BLITZER: Senator McCain, we have less than a minute. This is—today is exactly one year to the date that the House of Representatives impeached President Clinton. Ken Starr is about to come on our program right after you. There's speculation, there's word that President Clinton may ask to be reimbursed some $5 million in legal fees as a result of the entire exercise under the independent counsel statute. Technically he might be able to be reimbursed just as President Reagan—former President Reagan and former President Bush were reimbursed because of the Iran-Contra investigation.

Do you think it would be appropriate, A, for the president to ask for the reimbursement and, B, for the reimbursement to go forward?

MCCAIN: I don't enough about the law except to say that if I were the presidents—all presidents are very, very concerned about their role in the future and how they are judged, if I were President Clinton, I'd pay close attention to the impact of American public opinion if I took such a move.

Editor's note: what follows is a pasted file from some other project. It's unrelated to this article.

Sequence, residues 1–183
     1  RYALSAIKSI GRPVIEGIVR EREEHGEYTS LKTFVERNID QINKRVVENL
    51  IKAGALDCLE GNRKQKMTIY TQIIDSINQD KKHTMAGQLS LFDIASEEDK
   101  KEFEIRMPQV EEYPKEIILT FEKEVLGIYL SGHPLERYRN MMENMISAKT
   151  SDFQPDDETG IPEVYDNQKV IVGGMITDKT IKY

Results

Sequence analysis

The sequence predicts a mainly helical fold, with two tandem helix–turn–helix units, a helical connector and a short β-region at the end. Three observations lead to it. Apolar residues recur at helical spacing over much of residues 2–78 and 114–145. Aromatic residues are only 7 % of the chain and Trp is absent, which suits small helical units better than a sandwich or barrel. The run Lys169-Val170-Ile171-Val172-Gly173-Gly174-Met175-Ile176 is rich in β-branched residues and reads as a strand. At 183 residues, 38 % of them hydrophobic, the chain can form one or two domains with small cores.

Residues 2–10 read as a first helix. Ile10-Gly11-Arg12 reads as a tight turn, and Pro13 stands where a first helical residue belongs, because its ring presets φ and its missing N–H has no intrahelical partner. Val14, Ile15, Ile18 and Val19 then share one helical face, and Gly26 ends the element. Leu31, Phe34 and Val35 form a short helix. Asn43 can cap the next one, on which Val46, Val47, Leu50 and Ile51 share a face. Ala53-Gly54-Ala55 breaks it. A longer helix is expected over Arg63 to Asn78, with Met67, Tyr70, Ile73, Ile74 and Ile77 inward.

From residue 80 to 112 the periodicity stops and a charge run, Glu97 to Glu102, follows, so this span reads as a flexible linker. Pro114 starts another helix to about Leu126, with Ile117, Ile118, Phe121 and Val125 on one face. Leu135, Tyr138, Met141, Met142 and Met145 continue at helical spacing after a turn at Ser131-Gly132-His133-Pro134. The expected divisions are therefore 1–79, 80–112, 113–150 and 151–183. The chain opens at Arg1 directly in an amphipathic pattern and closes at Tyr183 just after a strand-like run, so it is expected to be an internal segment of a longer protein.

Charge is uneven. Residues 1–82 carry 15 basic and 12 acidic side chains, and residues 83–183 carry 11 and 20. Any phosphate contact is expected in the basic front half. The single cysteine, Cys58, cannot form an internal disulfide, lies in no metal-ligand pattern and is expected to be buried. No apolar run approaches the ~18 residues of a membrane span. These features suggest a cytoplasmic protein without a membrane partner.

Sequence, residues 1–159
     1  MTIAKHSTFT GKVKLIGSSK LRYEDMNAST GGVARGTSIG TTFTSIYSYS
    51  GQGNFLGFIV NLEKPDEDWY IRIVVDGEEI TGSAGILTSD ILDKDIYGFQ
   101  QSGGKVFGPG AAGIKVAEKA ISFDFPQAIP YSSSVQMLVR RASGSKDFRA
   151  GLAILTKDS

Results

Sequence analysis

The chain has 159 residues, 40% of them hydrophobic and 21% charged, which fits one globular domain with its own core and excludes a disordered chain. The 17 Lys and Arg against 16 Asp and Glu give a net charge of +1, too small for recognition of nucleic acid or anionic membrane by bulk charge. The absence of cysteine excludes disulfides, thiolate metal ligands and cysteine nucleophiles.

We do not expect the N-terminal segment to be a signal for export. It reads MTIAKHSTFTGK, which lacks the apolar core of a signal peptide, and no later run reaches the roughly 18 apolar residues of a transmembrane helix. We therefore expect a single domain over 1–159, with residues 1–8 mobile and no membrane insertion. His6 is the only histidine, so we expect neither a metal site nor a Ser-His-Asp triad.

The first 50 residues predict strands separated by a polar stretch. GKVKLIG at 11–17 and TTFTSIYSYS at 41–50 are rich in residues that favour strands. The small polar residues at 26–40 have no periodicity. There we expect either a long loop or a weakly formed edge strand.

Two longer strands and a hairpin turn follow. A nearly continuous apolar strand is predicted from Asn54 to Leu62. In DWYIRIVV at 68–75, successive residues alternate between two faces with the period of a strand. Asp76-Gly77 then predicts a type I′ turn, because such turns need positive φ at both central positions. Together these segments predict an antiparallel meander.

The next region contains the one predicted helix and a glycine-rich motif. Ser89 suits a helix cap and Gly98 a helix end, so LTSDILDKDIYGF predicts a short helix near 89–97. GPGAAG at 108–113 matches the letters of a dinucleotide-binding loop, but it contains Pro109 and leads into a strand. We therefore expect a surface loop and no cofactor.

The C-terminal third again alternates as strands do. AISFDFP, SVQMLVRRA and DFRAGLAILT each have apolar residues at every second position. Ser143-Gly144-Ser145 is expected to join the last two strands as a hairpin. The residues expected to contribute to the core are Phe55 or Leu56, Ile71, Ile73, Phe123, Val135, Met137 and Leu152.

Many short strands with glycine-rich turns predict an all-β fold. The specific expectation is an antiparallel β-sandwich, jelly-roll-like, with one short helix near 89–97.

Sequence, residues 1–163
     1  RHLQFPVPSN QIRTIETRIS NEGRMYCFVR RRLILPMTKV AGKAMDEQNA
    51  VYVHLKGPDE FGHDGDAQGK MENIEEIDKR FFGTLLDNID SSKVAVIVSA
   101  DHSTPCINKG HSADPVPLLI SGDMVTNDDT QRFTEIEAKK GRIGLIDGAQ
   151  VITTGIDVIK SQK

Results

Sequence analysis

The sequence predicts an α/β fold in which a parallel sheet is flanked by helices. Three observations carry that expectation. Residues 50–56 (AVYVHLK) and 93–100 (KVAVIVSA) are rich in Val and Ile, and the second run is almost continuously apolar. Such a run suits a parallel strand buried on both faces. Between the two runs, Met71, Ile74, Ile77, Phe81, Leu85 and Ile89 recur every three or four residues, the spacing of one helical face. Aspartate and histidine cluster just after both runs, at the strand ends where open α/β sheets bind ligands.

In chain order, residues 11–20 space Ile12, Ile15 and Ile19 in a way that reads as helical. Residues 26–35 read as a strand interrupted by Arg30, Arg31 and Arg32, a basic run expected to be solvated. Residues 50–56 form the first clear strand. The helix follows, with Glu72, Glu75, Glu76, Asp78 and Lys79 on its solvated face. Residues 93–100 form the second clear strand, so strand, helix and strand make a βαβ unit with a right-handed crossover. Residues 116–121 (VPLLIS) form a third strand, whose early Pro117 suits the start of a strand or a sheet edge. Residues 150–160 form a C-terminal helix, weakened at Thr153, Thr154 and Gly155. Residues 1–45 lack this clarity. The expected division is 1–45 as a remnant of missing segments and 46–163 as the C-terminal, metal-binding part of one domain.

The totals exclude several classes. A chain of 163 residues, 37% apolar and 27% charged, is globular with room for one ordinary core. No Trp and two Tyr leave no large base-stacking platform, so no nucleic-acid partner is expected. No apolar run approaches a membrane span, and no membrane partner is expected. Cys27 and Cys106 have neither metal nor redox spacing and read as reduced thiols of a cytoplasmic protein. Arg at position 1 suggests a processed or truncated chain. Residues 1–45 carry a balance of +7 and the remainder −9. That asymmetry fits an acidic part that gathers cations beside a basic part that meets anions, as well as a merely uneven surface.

BLITZER: OK, Senator John McCain, always good to have you on LATE EDITION.

MCCAIN: Thanks, Wolf.

BLITZER: I know you're going up to a town hall meeting in Vermont, in Burlington, right now. Wish all the people in Vermont our best regards.

Thanks for joining us.

MCCAIN: Thank you, and they enjoyed watching I'm sure. Thanks very much.

BLITZER: Thank you very much, Senator McCain.

And up next, it was exactly one year ago today that the House of Representatives voted to impeach the president of the United States. We'll talk with the man who brought the investigation of the president to Congress, former independent counsel, Ken Starr.

LATE EDITION continues right after this.